|dc.description.abstract||One of the most discussed and most sophisticated versions of modern rule-consequentialism is Brad Hooker's concept. He blends not only consequentialist but also some intuitionist aspects into a seemingly coherent moral theory. Among many others, one of the main arguments he uses for a variety of purposes is the concept of internalization costs - psychological expenses connected with the acceptance of some code in moral agents (demands on memory, intelligence, inter-personal bonds, etc.). However, at the same time Hooker also insists on just one common moral domain for every moral agent. Therefore an overwhelming majority of everyone, everywhere and in each future generation should follow the same moral code.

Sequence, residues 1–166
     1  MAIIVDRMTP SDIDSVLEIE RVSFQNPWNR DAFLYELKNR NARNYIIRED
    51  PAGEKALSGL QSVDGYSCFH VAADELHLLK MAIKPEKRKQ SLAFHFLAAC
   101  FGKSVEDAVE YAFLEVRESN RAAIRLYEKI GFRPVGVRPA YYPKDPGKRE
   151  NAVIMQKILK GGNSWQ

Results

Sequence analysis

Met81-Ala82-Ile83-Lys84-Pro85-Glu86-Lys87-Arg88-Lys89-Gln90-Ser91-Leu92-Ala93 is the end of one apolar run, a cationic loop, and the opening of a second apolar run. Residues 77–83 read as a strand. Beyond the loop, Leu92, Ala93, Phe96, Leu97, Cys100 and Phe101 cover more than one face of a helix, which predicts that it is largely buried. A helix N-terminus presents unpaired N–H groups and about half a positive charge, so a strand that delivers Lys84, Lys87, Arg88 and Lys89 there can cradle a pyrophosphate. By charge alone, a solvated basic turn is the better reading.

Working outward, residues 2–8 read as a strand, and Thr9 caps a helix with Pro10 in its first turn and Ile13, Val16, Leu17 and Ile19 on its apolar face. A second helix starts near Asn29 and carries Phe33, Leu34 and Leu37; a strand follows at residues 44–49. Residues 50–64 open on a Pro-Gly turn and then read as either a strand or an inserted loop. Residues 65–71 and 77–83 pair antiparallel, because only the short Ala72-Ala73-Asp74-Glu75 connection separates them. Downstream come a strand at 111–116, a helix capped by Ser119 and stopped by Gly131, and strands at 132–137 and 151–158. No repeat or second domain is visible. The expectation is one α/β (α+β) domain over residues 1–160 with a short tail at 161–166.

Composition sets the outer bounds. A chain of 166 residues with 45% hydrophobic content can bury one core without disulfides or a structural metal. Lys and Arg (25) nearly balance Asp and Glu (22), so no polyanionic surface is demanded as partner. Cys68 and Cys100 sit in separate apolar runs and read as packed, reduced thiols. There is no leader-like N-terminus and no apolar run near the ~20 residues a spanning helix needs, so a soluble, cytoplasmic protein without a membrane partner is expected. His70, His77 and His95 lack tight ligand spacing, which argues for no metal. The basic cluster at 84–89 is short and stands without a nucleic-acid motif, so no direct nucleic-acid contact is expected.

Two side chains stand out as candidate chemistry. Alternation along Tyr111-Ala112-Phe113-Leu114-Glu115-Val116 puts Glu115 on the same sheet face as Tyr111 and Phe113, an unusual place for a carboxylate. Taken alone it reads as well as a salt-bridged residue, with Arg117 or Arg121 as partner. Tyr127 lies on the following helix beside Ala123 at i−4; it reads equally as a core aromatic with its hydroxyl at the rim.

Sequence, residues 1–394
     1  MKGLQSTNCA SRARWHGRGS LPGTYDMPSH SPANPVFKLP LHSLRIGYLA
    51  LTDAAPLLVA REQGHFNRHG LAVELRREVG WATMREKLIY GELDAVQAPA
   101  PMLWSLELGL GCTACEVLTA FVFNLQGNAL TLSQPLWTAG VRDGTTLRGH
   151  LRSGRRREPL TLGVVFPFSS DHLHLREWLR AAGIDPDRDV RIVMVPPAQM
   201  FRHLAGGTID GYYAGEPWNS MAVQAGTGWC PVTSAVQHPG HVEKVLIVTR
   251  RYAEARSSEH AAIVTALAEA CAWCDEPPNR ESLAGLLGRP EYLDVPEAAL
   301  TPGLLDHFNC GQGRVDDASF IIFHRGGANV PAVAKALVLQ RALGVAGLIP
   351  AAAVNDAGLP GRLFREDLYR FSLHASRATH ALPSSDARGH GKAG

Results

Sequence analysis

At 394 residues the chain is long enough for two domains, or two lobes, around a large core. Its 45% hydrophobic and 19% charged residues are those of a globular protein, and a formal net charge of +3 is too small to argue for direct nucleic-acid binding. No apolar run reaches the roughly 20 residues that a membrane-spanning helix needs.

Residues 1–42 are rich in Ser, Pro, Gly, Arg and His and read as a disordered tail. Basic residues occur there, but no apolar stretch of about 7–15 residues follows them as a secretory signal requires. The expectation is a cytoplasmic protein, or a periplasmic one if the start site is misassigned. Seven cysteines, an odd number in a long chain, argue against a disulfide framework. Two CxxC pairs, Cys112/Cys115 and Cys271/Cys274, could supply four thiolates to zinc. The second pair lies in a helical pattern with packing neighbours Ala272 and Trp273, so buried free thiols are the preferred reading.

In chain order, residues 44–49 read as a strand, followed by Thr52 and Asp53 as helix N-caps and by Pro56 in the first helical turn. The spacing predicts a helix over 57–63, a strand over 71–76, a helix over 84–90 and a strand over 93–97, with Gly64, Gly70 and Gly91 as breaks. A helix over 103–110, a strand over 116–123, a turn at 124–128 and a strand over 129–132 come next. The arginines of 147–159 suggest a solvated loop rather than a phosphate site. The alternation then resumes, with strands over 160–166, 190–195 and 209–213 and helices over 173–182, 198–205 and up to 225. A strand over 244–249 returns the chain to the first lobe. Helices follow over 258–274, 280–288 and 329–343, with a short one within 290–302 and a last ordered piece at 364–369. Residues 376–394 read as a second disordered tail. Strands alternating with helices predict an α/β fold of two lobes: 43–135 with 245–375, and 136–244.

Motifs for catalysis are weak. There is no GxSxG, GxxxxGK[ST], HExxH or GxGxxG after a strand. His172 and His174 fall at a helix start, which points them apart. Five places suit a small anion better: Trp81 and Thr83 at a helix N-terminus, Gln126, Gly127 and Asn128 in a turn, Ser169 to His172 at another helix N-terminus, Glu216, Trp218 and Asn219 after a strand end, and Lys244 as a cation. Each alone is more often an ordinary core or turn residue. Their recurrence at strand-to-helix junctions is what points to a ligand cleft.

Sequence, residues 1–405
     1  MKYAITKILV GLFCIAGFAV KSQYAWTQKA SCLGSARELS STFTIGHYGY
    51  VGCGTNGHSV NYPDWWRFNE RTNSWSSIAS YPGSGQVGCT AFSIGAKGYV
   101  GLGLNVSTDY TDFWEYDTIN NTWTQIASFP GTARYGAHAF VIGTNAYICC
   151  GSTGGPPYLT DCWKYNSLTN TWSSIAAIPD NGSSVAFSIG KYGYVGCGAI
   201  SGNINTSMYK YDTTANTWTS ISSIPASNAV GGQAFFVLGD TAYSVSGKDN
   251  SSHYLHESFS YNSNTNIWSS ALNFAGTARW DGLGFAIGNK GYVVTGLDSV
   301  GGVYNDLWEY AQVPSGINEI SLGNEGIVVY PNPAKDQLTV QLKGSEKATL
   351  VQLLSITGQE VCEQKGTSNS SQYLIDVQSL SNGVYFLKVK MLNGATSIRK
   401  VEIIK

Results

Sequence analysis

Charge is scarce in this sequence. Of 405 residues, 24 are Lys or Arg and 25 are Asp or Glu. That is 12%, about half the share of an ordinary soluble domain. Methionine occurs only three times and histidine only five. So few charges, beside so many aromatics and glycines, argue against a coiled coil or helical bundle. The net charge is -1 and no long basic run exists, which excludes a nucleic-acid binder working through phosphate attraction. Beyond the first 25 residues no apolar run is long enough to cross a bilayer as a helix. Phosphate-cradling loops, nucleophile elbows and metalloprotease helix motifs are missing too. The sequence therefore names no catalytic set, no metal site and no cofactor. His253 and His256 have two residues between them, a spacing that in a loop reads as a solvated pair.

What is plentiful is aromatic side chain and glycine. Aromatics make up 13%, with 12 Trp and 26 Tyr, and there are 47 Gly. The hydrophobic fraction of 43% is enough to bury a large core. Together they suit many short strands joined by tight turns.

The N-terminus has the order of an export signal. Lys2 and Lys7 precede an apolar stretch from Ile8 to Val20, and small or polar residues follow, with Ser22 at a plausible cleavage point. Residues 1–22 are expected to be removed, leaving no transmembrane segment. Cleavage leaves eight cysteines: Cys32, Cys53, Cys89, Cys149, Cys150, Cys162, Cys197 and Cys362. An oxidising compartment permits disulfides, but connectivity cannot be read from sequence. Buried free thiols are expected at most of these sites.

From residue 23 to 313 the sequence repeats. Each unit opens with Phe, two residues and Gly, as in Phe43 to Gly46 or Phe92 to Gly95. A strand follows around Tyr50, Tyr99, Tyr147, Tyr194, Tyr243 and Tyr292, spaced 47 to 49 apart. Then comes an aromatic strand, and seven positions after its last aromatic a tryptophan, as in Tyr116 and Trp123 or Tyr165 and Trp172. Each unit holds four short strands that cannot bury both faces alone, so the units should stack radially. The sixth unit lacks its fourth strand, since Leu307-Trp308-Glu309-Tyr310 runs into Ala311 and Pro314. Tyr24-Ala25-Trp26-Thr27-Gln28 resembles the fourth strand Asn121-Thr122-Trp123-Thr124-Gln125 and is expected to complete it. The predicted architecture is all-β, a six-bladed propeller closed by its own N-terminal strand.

The main aim of this thesis is to show that this single-domain structure is highly implausible (if not impossible), when agents involved have relevant differences in internalization costs for some code. Firstly some main aspects of Hooker's theory will be sketched, and then two main series of objections against the single moral domain will be raised: hard-lock problems (technological or genetic differences in internalization costs) and soft-lock problems (external, learned or institutionalized differences). If Hooker wants to avoid these objections, many contingent and questionable amendments have to be invoked, which radically reduce the appeal of his initial concept. As a conclusion it is suggested that one does not really need the single-domain structure in almost any cases, and most of the objections to rule-consequentialism might be avoided without invoking such concept. It is then proposed that Hooker's theory might fared significantly better if multiple moral domains would be allowed. More so, the boundaries and size of these domains could be based on the rule-consequentialist grounds themselves, in order to avoid the feared relativization of moral code to individuals.||en